In certain areas of the Assyrian homeland, identity within a community depends on a person’s village of origin or Christian denomination rather than their ethnic commonality, for instance Chaldean Catholic.
Today, Assyrians and other minority ethnic groups in the Middle East, feel pressure to identify as “Arabs”, “Turks” and “Kurds”. Those Assyrians in Syria, who live outside of the traditionally and historically Assyrian northeastern region of the country, are pressured to identify as Arabs, due to Arab Nationalist policies of the Baathist government.
Neo-Aramaic exhibits remarkably conservative features compared with Imperial Aramaic.
The communities of indigenous pre-Arab Neo-Aramaic-speaking people of Iraq, Israel, Palestine, Syria, Iran, Turkey and Lebanon and the surrounding areas advocate different terms for ethnic self-designation.
• “Assyrians”, after the ancient Assyria, advocated by followers of the Assyrian Church of the East, the Ancient Church of the East, some followers of the Chaldean Catholic Church and Assyrian Protestants. (“Eastern Assyrians”), and some communities of the Syriac Orthodox Church and Syriac Catholic Church (“Western Assyrians”). Those identifying with Assyria, and with Mesopotamia in general, tend to be from Iraq, northeastern Syria; southeastern Turkey, Iran, Armenia, Georgia; southern Russia and Azerbaijan. It is likely that those from this region are indeed of Assyrian/Mesopotamian heritage as they are clearly of pre-Arab and pre-Islamic stock. Furthermore, there is no historical evidence or proof to suggest the indigenous Mesopotamians were wiped out; Assyria existed as a specifically named region until the second half of the 7th century AD. Most speak Mesopotamian dialects of Neo-Aramaic. Assyrian nationalism emphatically connects Modern Assyrians to the population of ancient Mesopotamia and the Neo-Assyrian Empire. A historical basis of this sentiment was disputed by a few early historians, but receives strong support from modern Assyriologists like Robert D. Biggs and Giorgi Tsereteli and Iranologists like Richard Nelson Frye. Nineteenth century orientalists such as Austen Henry Layard and Hormuzd Rassam also support this view.
• “Chaldo-Assyrians”, is a term used by the Iraqi government to designate the indigenous Aramaic speaking Christians of Iraq. It intrinsically acknowledges that the terms Assyrian and Chaldean refer to the same ethnic group. Some Assyrians use this term to defuse arguments over naming along denominational lines.
• “Chaldeans”, after ancient Chaldea, advocated by some followers of the Chaldean Catholic Church who are mainly based in the United States. This is mainly a denominational rather than ethnic term, though some Chaldean Catholics espouse a distinct Chaldean ethnic identity. It is likely that these are exactly the same people as the Assyrians, both having the same culture and originating from the same lands.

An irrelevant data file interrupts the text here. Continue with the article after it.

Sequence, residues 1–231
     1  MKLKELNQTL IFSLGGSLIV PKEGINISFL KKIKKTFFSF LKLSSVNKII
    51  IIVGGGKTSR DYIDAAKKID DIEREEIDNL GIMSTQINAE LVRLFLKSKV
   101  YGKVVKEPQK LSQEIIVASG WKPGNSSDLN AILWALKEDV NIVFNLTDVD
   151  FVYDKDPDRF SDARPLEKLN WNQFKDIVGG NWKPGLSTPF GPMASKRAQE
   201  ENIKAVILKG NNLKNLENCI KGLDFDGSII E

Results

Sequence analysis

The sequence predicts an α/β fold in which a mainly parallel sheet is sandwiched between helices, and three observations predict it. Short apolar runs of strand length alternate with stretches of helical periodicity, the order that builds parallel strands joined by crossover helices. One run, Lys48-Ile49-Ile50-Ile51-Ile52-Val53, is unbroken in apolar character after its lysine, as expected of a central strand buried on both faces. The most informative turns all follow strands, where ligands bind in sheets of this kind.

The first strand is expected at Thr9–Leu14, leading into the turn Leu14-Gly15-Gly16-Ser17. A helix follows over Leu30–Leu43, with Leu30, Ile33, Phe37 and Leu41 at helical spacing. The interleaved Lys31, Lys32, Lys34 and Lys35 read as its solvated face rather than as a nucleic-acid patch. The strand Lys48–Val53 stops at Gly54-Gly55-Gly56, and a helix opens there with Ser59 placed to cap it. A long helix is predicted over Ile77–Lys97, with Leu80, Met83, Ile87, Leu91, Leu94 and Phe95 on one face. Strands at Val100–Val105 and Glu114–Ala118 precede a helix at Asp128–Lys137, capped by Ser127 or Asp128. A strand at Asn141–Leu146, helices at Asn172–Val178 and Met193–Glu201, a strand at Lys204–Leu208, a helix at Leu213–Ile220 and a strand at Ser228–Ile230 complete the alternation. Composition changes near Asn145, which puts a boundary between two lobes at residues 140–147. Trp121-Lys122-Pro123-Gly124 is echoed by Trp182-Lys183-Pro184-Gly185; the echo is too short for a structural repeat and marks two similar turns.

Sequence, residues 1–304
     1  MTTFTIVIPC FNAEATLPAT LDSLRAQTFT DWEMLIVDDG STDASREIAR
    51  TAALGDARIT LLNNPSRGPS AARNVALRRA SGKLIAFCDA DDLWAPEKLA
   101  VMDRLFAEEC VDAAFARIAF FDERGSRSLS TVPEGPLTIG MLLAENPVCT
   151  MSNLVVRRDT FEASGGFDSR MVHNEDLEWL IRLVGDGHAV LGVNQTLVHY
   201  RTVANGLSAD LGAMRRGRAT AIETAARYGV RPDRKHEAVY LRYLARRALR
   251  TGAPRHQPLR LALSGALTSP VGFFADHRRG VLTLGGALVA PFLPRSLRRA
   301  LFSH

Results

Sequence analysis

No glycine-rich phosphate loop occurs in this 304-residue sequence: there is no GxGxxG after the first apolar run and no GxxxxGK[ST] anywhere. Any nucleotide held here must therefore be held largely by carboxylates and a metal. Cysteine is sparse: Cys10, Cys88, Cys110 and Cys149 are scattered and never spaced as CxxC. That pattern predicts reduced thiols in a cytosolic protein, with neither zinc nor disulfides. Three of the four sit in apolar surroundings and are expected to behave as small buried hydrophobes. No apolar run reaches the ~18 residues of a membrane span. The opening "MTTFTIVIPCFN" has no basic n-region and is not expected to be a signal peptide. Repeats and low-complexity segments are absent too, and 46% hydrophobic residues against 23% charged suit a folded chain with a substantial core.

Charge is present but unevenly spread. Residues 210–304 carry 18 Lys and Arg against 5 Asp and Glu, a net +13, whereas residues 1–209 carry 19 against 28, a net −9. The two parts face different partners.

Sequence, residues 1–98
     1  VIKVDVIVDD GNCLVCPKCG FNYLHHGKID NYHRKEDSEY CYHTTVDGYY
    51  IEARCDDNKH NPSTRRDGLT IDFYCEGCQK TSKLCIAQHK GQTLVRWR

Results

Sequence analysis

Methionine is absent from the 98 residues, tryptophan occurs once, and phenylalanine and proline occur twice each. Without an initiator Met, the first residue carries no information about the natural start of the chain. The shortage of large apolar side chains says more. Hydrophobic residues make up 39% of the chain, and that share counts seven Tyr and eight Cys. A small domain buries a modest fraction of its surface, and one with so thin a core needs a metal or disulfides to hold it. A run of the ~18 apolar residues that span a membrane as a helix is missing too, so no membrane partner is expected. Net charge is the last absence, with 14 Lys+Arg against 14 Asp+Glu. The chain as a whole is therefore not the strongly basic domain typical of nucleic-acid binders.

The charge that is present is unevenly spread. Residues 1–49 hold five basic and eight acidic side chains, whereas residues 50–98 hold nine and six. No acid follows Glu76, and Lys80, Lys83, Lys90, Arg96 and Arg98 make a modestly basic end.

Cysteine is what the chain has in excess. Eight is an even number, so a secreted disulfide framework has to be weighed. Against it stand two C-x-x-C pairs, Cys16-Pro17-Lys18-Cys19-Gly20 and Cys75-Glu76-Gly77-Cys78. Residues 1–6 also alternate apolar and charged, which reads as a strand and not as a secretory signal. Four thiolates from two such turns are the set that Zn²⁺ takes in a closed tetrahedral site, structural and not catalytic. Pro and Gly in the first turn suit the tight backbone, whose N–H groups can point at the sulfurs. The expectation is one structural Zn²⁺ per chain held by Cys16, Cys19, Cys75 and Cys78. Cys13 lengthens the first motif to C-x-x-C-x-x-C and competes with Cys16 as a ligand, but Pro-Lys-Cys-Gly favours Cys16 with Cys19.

Alqosh, located in the midst of Assyrian contemporary civilization
• “Syriacs”, advocated by followers of the Syriac Orthodox Church, Syriac Catholic Church and to a much lesser degree Maronite Church. Those self identifying as Syriacs tend to be from Syria as well as south central Turkey. The term Syriac is the subject of some controversy, as it is generally accepted by most scholars that it is a Luwian and Greek corruption of Assyrian. The discovery of the Çineköy inscription seems to settle conclusively in favor of Assyria being the origin of the terms Syria and Syriac. For this reason, some Assyrians accept the term Syriac as well as Assyrian. However, Poseidonios (ca. 135 BC – 51 BC), from the Syrian Apamea, was a Greek Stoic philosopher, politician, astronomer, geographer, historian, and teacher who says that the Syrians call themselves Arameans. At the same time historians, geographers and philosophers like Herodotos, Strabo, and Justinus mention that Assyrians were afterwards called Syrians.
Decorations from royal palace at Nineveh.
• “Arameans”, after the ancient Aram-Naharaim, advocated by some followers of the Syriac Orthodox Church and Syriac Catholic Church in western, northwestern, southern and central Syria as well as south central Turkey. The term Aramean is sometimes expanded to “Syriac-Aramean”.
In addition Western Media often makes no mention of any ethnic identity of the Christian people of the region and simply call them Christians, Iraqi Christians, Iranian Christians, Syrian Christians, and Turkish Christians. This label is rejected by Assyrians/Chaldeans/Syriacs since it erroneously implies no difference other than theological with the Muslim Arabs, Kurds, Turks, Iranians and Azeris of the region.
Assyrian child dressed in traditional clothes.
Assyrian culture is largely influenced by Christianity. Main festivals occur during religious holidays such as Easter and Christmas. There are also secular holidays such as Kha b-Nisan (vernal equinox).